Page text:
Saturday, July 18, 2015

GT Fish & Oyster Collaboration Dinner

I had been to GT Fish and Oyster before and really liked it.  When I saw that they were going to be doing a collaboration dinner with a chef from El Ideas, I jumped at the chance to go because, while I have not been there, I have met the executive chef, and I like the idea of the restaurant, to turn fine dining on it's head.  It's irreverent and experimental and lets diners ask questions.  I was interested to see where a very good seafood restaurant and an experimental restaurant would meet.  The dinner was held in the Whale Room, a private dining room in the basement of the restaurant.  On the wall was a silhouette painting of a sperm whale and the quote, "The biggest fish is the one that is almost caught."  It had a large communal table with an anchor on it and marked place settings, letting individual diners know where they would be sitting.  With the place settings were our menu cards giving the diners an idea of what we would be having for dinner.  There were also a series of numbers listed after each course.  The numbers were a bit of a puzzle.  Also on the table were several large and thick cookbooks (all the same) that looked to be cooking textbooks.  I guessed that the numbers had something to do with the cookbooks and were something like the recipe number in the book.  I also noted that the menu was much less seafood heavy than I would have expected from a seafood restaurant (not a complaint, simply an observation).
The numbers were explained as the Amuse Bouche was served and the chefs came out to introduce themselves.  The numbers were based on the page on which the recipe each course was based on was to be found.  As I noted very quickly, while the base of each recipe could be seen, the finished courses were very creative and some varied widely from where they started.  The Amuse (which was not listed on the menu as is common with an amuse bouche) was based on Oysters Rockefeller although it was raw (as opposed to broiled) and was served in a dish instead of on the half-shell.  It was served with Spinach and Panko and very flavorful.  Admittedly, it might have been a little much for someone that doesn't care for raw oysters, but I like them and I liked this.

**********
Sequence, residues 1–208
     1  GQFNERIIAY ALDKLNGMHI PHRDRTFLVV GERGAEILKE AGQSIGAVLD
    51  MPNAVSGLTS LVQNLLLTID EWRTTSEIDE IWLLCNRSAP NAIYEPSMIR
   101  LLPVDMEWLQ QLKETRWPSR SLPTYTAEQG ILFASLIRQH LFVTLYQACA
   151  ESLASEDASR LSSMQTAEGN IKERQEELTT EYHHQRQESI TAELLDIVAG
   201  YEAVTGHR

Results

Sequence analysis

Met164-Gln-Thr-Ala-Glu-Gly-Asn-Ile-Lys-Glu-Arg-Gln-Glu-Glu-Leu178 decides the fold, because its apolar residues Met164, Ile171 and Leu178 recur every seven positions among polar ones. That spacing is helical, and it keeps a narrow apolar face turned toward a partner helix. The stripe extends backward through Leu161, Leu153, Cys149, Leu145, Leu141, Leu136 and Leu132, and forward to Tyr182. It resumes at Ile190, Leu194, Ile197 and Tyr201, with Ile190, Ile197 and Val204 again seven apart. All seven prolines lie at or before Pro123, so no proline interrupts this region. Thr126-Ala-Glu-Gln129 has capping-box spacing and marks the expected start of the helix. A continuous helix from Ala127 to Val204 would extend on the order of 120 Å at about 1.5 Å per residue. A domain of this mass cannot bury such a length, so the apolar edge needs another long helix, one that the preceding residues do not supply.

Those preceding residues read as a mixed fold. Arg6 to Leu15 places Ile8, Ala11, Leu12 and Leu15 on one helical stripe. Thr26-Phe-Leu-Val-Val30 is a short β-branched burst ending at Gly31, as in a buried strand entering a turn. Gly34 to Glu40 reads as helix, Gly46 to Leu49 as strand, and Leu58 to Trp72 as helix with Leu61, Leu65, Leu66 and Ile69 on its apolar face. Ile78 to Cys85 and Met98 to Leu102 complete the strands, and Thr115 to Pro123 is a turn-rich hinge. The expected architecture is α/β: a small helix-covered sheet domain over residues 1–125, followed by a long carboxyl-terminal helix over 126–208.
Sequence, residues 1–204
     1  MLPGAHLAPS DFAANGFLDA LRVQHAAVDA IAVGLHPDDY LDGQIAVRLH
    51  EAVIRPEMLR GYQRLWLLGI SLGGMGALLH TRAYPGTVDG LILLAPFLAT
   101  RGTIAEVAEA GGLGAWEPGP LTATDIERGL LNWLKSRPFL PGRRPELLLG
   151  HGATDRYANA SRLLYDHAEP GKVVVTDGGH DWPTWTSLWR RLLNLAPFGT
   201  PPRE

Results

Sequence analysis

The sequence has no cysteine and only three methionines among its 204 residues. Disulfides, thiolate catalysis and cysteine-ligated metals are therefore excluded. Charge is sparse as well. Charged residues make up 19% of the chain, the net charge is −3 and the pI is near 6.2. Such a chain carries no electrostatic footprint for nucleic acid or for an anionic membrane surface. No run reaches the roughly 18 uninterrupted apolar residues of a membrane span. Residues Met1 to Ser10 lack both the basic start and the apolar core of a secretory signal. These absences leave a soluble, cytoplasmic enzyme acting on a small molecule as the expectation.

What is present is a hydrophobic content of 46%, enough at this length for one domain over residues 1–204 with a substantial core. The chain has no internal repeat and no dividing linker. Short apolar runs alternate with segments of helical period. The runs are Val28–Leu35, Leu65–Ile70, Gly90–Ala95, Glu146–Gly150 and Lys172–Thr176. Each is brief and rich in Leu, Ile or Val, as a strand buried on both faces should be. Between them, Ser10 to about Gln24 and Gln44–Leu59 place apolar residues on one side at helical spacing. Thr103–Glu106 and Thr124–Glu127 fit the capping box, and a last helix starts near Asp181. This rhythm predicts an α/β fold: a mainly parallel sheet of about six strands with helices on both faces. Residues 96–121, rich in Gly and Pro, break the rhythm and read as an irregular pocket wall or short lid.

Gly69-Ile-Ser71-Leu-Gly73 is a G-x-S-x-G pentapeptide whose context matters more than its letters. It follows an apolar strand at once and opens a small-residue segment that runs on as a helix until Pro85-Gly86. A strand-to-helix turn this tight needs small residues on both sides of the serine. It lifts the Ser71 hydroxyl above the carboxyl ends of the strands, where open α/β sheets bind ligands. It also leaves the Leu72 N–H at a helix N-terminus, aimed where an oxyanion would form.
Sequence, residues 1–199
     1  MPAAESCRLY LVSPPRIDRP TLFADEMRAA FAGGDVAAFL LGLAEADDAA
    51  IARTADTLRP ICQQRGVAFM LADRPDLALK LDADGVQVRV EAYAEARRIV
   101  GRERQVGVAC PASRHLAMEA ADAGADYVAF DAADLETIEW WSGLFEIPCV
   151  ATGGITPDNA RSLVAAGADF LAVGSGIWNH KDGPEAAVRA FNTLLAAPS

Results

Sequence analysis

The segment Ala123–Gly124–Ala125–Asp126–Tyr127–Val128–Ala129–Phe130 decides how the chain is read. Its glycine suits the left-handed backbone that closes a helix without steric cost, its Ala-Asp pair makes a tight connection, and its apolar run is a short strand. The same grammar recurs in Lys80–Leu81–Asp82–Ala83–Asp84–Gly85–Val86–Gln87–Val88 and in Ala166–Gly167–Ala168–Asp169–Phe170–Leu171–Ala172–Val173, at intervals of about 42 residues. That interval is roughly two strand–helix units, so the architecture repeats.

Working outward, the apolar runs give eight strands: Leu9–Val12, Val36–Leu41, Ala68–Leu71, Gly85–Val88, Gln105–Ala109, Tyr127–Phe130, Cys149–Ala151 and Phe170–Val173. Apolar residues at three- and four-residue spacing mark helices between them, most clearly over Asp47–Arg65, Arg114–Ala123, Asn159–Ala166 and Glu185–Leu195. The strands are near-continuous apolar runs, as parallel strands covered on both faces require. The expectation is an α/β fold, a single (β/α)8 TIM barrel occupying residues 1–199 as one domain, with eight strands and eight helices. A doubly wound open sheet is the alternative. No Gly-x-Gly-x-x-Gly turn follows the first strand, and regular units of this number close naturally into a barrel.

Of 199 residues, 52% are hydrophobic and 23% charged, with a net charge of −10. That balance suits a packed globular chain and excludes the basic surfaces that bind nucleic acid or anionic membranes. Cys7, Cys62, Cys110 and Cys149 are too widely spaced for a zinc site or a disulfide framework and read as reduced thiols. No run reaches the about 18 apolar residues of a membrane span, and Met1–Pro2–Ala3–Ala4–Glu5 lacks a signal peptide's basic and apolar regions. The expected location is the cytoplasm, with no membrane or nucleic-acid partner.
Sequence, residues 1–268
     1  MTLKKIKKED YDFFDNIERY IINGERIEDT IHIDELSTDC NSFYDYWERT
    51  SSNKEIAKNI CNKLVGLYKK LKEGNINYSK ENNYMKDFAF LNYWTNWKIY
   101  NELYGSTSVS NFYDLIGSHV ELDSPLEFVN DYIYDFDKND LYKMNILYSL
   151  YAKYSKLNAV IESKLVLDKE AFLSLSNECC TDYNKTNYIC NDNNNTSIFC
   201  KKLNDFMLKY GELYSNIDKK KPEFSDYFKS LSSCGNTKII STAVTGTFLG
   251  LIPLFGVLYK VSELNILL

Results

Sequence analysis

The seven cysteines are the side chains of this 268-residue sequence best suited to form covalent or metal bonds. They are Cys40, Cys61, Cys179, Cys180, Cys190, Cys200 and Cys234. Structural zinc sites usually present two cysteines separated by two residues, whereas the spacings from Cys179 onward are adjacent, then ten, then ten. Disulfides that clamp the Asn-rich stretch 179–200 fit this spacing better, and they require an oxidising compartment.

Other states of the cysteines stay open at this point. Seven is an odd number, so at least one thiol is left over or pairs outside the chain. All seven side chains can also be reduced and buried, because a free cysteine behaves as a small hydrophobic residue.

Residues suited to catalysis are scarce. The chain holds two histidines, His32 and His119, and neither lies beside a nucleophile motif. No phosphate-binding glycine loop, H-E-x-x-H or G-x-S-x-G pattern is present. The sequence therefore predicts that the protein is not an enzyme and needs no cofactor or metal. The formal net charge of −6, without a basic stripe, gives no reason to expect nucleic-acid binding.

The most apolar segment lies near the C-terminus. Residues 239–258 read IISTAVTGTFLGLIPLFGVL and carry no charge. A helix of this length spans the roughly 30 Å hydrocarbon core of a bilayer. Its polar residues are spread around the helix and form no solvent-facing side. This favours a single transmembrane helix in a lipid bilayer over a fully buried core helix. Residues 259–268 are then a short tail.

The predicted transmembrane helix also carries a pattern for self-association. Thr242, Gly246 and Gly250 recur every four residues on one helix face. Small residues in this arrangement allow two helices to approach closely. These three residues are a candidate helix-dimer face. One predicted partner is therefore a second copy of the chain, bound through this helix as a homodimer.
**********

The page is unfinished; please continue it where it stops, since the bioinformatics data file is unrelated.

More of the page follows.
The first official course was essentially a vegetable tasting and it actually reminded me of something that you might see at Moto.  There were three parts to this course.  On the left was a Mushroom Sauce served with a Manchego Cheese Chip.  To the right was a Fried Carrot with a Maple Creme (that kind of reminded me of marshmallow creme).  The center recipe started as Broccoli Almondine.  It used broccoli florets and blanched almonds, but was finished with a White Broccoli Soup (not shown).  There were a variety of flavors and textures in small bites and it was a great stage setter for the rest of the meal.